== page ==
Thatcher stood for thrift, sound money and balanced budgets, powered by private enterprise. The uncontrolled explosion of debt in Western economies that followed her time in power would have appalled her.

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Unbeknownst to the man soon to become the 9th President of the United States was that a “curse” was rumored to have been placed on the occupants of the White House, beginning with Harrison.  Whether it was truly an “Indian curse” placed on Harrison and his successors by Tecumseh (sometimes attributed to his brother, Tenskwatawa) or simply a superstition that was somehow realized, the “curse” lasted for 140 years and, even then, almost claimed another victim, which makes it an extraordinarily odd historical coincidence.  The “curse” is simple:  beginning with Harrison’s election in 1840, every President elected in a year ending in “0” would die in office.  This prophecy indeed began with Harrison in 1840, and continued to come to fruition every 20 years until the late-20th century, as you will see.

1840:  William Henry Harrison
To this day, William Henry Harrison is still the second-oldest man ever elected to the Presidency.  When he took office on March 4, 1841, he was 68 years old and suffering from a bad cold.  Frigid temperatures on Inauguration Day kept the audience in front of the Capitol small, but the new President gave the longest Inaugural Address in history, a massive 8500-word-long speech that took over 90 minutes to deliver – and that was AFTER noted orator Daniel Webster took some scissors to it.  Harrison also decided to give the speech without wearing a hat or an overcoat, and the cold, wet weather left the new President damp and shivering.  Exactly one month later – on April 4, 1841 – William Henry Harrison died of pneumonia, the first President to die in office and the first victim of his old nemesis Tecumseh’s curse.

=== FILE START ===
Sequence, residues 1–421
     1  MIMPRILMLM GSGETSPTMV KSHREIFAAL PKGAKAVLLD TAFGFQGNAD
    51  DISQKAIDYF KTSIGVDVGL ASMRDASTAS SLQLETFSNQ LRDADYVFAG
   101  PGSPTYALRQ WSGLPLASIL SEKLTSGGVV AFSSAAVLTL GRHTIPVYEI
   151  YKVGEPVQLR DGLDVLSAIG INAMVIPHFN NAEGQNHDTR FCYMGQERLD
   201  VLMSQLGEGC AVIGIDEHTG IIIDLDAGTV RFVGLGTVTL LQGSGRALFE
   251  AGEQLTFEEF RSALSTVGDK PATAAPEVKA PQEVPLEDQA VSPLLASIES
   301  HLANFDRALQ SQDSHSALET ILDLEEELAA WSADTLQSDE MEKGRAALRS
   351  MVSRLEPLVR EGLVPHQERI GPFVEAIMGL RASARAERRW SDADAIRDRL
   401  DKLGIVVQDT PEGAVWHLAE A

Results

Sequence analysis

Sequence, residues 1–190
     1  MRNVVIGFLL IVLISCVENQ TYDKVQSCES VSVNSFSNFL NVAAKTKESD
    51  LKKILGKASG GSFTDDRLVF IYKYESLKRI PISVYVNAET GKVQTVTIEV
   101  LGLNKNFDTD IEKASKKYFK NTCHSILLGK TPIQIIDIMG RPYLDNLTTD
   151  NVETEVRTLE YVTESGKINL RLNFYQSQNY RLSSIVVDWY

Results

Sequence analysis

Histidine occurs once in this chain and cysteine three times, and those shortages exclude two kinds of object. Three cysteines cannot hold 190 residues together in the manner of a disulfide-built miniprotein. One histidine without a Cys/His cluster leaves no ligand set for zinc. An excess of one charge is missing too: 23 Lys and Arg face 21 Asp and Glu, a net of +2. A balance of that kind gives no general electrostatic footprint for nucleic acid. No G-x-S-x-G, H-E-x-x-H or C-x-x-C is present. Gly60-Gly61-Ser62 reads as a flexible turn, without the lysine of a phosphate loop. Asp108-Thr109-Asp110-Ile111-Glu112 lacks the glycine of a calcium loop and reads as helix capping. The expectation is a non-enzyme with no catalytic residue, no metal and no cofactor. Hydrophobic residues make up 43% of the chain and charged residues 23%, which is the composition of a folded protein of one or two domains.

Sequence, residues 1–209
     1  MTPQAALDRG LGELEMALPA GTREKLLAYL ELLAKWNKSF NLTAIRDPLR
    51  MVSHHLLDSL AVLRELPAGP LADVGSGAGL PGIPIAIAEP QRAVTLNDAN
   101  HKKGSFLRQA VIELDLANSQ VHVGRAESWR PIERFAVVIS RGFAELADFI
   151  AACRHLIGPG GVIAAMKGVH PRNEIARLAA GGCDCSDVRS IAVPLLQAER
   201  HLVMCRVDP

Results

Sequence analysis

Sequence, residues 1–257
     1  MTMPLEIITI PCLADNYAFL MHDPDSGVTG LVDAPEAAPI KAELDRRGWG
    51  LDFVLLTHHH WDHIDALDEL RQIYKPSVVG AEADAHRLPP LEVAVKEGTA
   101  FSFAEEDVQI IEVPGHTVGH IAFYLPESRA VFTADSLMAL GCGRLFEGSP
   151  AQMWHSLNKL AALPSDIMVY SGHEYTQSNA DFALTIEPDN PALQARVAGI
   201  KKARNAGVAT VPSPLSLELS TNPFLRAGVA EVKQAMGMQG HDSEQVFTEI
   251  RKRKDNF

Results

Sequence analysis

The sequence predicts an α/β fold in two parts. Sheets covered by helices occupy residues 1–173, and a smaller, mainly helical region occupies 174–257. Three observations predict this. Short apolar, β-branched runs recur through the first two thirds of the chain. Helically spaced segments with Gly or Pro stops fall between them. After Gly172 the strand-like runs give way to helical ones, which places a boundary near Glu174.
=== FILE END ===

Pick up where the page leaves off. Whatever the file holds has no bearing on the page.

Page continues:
1860:  Abraham Lincoln
Originally elected in 1860, Lincoln guided the nation through the devastating Civil War, was re-elected in 1864, and finally brought the war to a close in April 1865 when Confederate General Robert E. Lee surrendered to General Ulysses S. Grant at Appomattox Court House, Virginia on April 9.  Five days later, Lincoln told his wife Mary during a carriage ride that, for the first time, he felt that the war was truly over.  With his spirits finally rising, Lincoln took Mary to the theater that night to watch famous actress Laura Keene perform in “Our American Cousin”.  During the play, another famous actor, John Wilkes Booth, shot Lincoln, 56, in the back of the head, and Tecumseh’s Curse claimed another victim the next morning, April 15, 1865.

1880:  James A. Garfield